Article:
Class name: “Ends and Means: Moral Choices in Politics”
Taught by: Visiting Assistant Professor of Political Science Thomas J. Donohue
Here’s what Donohue had to say about his class:
This course revolves around one question: How should we balance between the demands of morality and the demands of political responsibility? When—if ever—can good political ends justify bad means? For in the name of good political ends, politics has often used morally outrageous means: civil wars, mass murder, systematic lying to the public, mass rape, class domination ratified by the state, show trials, and on and on. It is tempting, then, to wash our hands of politics, to put on the kid gloves, and keep our hands morally clean. But what about cases in which wearing kid gloves might lead to even worse outcomes than getting our hands dirty? What then should we do? For, in politics, we often find ourselves face to face with grave injustices or—occasionally—impending moral disasters. In those circumstances, it sometimes seems that we could alleviate the injustice, or avert the disaster, if only we used the morally problematic means, just this once. But once shed the kid gloves, and it is easy to find yourself on a slippery slope to having hands bloodier than Lady Macbeth’s. This is what politicians and philosophers call “the dirty hands problem.”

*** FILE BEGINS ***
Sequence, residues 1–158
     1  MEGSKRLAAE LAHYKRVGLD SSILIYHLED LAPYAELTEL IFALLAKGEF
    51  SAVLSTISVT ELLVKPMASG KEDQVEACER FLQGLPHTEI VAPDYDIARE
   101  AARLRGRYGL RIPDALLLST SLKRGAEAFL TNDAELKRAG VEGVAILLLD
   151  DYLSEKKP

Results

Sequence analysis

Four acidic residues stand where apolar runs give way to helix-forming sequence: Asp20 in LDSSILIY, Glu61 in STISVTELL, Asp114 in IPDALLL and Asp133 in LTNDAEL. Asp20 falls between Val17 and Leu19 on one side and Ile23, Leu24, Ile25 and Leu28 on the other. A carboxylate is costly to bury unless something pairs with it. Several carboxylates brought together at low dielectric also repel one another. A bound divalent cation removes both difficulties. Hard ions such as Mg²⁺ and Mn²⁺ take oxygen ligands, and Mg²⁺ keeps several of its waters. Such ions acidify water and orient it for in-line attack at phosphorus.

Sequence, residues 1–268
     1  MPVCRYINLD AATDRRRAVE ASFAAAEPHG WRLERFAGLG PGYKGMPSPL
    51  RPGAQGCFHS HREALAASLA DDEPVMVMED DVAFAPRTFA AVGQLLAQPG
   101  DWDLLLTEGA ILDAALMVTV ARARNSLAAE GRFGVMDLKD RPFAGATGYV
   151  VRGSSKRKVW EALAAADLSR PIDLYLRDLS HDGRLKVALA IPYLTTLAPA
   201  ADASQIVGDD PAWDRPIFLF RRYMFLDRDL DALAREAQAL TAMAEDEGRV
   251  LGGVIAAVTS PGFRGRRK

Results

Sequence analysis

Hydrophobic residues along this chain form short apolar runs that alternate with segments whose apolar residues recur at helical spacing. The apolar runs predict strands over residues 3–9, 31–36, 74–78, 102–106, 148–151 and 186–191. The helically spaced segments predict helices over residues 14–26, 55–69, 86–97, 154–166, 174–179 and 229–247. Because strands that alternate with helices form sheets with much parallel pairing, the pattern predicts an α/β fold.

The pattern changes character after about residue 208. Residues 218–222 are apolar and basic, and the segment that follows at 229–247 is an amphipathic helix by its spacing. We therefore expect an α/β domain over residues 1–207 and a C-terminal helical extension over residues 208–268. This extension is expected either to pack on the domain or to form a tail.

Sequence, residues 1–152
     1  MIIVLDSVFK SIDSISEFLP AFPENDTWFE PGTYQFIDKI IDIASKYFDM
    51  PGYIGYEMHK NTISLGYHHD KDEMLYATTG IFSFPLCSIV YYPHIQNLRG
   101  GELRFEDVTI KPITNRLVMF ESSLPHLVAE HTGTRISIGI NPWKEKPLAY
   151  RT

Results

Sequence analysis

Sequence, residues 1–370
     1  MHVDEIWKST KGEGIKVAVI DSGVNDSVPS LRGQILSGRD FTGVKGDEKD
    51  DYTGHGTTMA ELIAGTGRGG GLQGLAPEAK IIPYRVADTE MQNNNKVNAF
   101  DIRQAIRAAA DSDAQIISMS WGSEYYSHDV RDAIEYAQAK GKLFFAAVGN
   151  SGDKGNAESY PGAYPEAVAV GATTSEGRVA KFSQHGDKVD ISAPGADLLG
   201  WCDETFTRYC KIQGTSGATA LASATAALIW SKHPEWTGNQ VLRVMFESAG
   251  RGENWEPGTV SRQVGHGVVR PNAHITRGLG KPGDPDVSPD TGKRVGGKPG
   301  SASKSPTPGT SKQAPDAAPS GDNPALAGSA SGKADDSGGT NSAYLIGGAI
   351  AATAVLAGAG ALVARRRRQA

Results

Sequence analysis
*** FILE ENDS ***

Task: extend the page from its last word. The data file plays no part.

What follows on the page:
This course aims to explore that problem in many of its variants. We, therefore, examine Zionism, Palestinian nationalism, civil disobedience, rebellion, detaining suspected terrorists without trial, interrogational torture, accepting economic exploitation so as to pick the fruits of economic growth, Stalinism, the Bolshevik rejection of human rights, conservatism, the debate between Malcolm X and Martin Luther King, Jr, and the ethics of war and peace. For each of these, the course suggests, represents a response to a “dirty-hands problem.” For each of these issues, we ask what is the right balance to strike between acting morally and acting in a politically responsible way: one that alleviates social injustice and avoids moral disaster.
I created this course because we all face “dirty-hands” problems, both as private individuals and as citizens. I wanted to help students master the concepts and theories needed to formulate intelligent and responsible approaches to such problems, whenever they present themselves. And I wanted to improve my own responses to such problems. The best way to learn about a problem is to teach it.
See what other courses the Political Science Department is offering this semester.
Photo: (cc) Wei
Cool Classes is a series that highlights interesting, unusual, and unique courses that enrich the Haverford experience.